Double Member Borough
Available from Boydell and Brewer
Right of Election:
in the freemen and inhabitants paying scot and lot
Number of voters:
|15 Apr. 1754||Anthony Langley Swymmer|
|6 Dec. 1757||Stanley re-elected after appointment to office|
|29 Mar. 1760||Henry Dawkins vice Swymmer, deceased|
|27 Mar. 1761||Hans Stanley|
|15 Jan. 1765||Stanley re-elected after appointment to office|
|15 Dec. 1766||Stanley re-elected after appointment to office|
|16 Mar. 1768||Hans Stanley|
|Henry Temple, Visct. Palmerston|
|21 May 1770||Stanley re-elected after appointment to office|
|7 Oct. 1774||Hans Stanley||356|
|Lord Charles Montagu||88|
|6 Nov. 1776||Stanley re-elected after appointment to office|
|29 Jan. 1780||John Fuller vice Stanley, deceased|
|12 Sept. 1780||John Fuller||264|
|3 Apr. 1784||John Fleming|
Although Southampton apparently never went to the poll during the first 20 years of this period, it was an open borough. In a list drawn up for Newcastle about the end of March 1754, it was marked as ‘contested’, with Abel Walter, a local man, as third candidate.1 He had announced his candidature in a letter in the London Evening Post, 2-5 Feb. 1754, but seems to have withdrawn before the election. The possibility of an opposition was again mentioned before Stanley’s re-election in 1757, and the Walter interest is discussed in a letter from Stanley’s agent Matthew Woodford.2 In May 1762 Stanley declined a seat at the Treasury Board, saying that a by-election would be attended with some hazard.
In 1767 Lord Palmerston, a close friend and neighbour of Stanley, started cultivating an interest at Southampton. On 19 Sept. 1767 he wrote to his fiancée about ‘a wild Mr. Maguire’ who intends ‘coming down here soon again and bringing such loads of rupees with him as shall buy the town’; but Palmerston was satisfied that Maguire could do him no detriment:3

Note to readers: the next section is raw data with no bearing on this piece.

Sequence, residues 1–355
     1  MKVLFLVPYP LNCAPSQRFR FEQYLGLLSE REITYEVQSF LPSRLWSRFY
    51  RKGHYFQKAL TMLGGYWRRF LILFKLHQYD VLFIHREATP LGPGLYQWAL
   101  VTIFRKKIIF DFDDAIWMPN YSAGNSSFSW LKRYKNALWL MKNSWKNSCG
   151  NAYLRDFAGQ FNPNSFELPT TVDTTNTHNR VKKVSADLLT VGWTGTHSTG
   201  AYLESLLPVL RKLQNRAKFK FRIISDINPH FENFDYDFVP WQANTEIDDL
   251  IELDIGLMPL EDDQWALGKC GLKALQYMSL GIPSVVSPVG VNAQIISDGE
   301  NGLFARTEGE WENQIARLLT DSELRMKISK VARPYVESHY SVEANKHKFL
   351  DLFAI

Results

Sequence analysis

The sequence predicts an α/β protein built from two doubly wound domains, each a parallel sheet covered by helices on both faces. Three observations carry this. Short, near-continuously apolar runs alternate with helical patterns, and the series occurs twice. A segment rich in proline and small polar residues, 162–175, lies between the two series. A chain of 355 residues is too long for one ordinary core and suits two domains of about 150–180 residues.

The number of persons at Southampton who are not to be bought with money is very great, and whenever they unite, which happily they do in the present case, the lower sort, though they may make a noise for a time, neither can, nor dare resist them, and even of these, three in four are under absolute promise and there are not many that would break a direct engagement.
When in May 1770 Stanley had to seek re-election, he ‘had little trouble at Southampton’ wrote Thomas Whately to George Grenville, 22 May, ‘and none on the day of election. If Mr. Browne, an inhabitant of the place had stood, it is thought the contest would have been warm, but the person who came down, accompanied with Parson Horne, made no figure.’4
In August 1774 Palmerston, although assured by Stanley that he would have ‘a quiet and easy election’, decided not to stand again at Southampton. Stanley wrote to him on 6 Aug.:5
As you desire to convey my thoughts to Lord North, I will beg of you to say, that I do not at present see any other expedient to prevent infinite confusion at Southampton, than communicating your intention to Mr. Fleming, of whose political conduct I have good hopes, but do not pretend to answer for him; if he declines standing, I shall retrench myself upon my own ground, and cannot engage for the support of any second person.
And in a postscript on the following day he begged Palmerston to send him by express two letters: one to the corporation; and the other to Fleming, disclaiming any intention of interfering with the choice of his successor, but giving him, from personal regard, the first notice of his retiring.
My reason for wishing you to write to Mr. Fleming is that his offer may not appear my entire suggestion, which would have the air of my pretending to recommend two Members and occasion a good deal of jealousy.